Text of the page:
Optimization of distributed power assets is a powerful tool that has the potential to assist utility efforts to ensure customer voltages are within pre-defined tolerances and to improve distribution system operations. While convex relaxations of Optimal Power Flow (OPF) problems have been proposed for both balanced and unbalanced networks, these approaches do not provide universal convexity guarantees and scale inefficiently as network size and the number of constraints increase. In balanced networks, a linearized model of power flow, the LinDistFlow model, has been successfully employed to solve approximate OPF problems quickly and with high degrees of accuracy. In this work, an extension of the LinDistFlow model is proposed for unbalanced distribution systems, and is subsequently used to formulate an approximate unbalanced OPF problem that uses VAR assets for voltage balancing and regulation. Simulation results on the IEEE 13 node test feeder demonstrate the ability of the unbalanced LinDistFlow model to perform voltage regulation and balance system voltages.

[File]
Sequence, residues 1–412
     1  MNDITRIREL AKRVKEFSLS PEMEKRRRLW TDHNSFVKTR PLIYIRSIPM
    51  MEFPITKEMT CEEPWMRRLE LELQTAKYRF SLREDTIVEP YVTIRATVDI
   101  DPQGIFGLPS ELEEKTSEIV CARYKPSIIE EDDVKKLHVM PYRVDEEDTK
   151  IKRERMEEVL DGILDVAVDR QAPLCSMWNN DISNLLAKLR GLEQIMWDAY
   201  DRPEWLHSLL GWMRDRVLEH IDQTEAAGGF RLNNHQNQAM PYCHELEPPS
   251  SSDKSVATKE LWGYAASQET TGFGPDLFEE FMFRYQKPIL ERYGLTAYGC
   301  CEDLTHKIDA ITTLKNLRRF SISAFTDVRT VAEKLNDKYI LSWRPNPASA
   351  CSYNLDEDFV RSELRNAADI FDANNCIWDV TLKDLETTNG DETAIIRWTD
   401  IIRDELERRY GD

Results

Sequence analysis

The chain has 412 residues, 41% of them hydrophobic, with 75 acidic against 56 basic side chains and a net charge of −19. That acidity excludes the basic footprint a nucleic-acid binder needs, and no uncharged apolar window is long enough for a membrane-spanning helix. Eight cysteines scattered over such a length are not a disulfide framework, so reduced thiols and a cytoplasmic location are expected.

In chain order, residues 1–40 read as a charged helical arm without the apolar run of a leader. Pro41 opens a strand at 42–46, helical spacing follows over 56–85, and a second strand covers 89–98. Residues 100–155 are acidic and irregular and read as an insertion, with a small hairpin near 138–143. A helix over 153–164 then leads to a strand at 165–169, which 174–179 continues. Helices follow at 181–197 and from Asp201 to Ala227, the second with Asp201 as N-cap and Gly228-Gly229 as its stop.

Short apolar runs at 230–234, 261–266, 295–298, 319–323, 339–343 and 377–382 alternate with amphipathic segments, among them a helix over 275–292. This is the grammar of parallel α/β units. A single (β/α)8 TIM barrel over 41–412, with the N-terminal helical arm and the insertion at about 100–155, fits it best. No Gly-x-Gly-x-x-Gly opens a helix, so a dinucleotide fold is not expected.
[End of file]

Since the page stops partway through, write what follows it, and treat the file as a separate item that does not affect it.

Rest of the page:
Cover page of Abnormal event detection with high resolution micro-PMU data

Abnormal event detection with high resolution micro-PMU data

(2016)